December 24, 2016 / 12:25 AM / in a year

Halliburton shareholder class action to settle for $100 million

(Reuters) - Halliburton Co (HAL.N) on Friday said it had reached a $100 million settlement to resolve a long-running securities fraud class action lawsuit against the oilfield services provider that twice reached the U.S. Supreme Court.

Oil production equipment is seen in a Halliburton yard in Williston, North Dakota April 30, 2016. REUTERS/Andrew Cullen/File Photo

The deal resolves a lawsuit in federal court in Dallas accusing Halliburton of misrepresenting its potential liability in asbestos litigation, its expected revenue from certain construction contracts and the benefits of a merger in 1998.

Halliburton said the company itself would pay $54 million of the $100 million settlement, while its insurer would fund the rest. The deal, which would be subject to court approval, has no admission of liability, Halliburton said.

David Boies, a lawyer for the lead plaintiff Erica P. John Fund Inc, in a statement welcomed the deal, which he said was a “significant monetary recovery for the class members in this hard fought, securities fraud class action.”

The litigation has been pending for the Houston-based company since 2002, and came after the U.S. Securities and Exchange Commission launched a probe of Halliburton’s accounting for revenue on long-term construction projects.

Halliburton, whose chief executive during the period in question was former U.S. Vice President Dick Cheney, settled that SEC case in 2004 for $7.5 million, but the class action litigation lived on for years to follow.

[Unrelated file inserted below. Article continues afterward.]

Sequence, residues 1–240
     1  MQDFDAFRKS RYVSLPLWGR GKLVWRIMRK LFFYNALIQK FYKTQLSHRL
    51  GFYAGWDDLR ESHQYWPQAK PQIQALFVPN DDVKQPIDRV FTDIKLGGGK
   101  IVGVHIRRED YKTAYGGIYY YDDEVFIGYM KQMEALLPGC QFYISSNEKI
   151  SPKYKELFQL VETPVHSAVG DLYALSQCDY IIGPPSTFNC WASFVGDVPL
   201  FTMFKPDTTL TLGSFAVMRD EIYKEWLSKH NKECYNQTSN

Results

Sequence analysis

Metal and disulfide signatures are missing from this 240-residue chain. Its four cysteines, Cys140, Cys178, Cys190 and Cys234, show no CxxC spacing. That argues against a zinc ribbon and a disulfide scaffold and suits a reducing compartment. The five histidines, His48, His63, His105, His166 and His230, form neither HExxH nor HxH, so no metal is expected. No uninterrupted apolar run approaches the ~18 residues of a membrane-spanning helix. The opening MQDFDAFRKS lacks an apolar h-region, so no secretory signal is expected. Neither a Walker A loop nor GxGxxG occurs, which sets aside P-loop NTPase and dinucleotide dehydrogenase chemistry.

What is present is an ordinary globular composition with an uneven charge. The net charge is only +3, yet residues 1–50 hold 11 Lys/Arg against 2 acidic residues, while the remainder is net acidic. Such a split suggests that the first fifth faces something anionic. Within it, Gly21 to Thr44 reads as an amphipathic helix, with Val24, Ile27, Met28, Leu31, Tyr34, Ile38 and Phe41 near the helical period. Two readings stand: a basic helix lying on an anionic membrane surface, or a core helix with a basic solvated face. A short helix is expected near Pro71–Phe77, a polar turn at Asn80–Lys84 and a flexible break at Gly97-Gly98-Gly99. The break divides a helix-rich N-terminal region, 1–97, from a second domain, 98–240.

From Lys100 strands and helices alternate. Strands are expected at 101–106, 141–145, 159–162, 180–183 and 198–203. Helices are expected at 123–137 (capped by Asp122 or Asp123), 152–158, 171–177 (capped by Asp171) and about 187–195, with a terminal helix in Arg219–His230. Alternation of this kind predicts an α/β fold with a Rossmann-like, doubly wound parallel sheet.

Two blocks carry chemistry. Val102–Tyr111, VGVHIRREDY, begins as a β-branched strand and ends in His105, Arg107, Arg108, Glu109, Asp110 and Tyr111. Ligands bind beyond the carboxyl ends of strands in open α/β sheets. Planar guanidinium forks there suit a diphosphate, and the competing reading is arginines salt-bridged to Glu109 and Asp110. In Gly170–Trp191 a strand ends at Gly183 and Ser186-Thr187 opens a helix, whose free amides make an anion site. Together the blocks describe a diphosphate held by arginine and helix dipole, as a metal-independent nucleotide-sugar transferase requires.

The class action lawsuit accused Halliburton of misleading investors by understating asbestos liabilities, overstating construction and engineering revenue and inflating the benefits of a merger with Dresser Industries.

The case twice reached the U.S. Supreme Court, most recently resulting in a ruling in 2014 that made it harder for investors to band together to pursue securities fraud lawsuits against publicly traded companies.

In July 2015, U.S. District Judge Barbara Lynn certified the class of investors, but allowed them to pursue claims related to just one of six dates they said Halliburton made disclosures that corrected misleading statements.

Halliburton subsequently appealed that ruling, and had been awaiting a decision prior to announcing Friday’s agreement in principle to settle the case.

The case is Erica P John Fund Inc et al v. Halliburton Company et al, U.S. District Court, Northern District of Texas, No. 02-cv-01152.

Reporting by Nate Raymond in New York; Editing by Chris Reese and Andrew Hay

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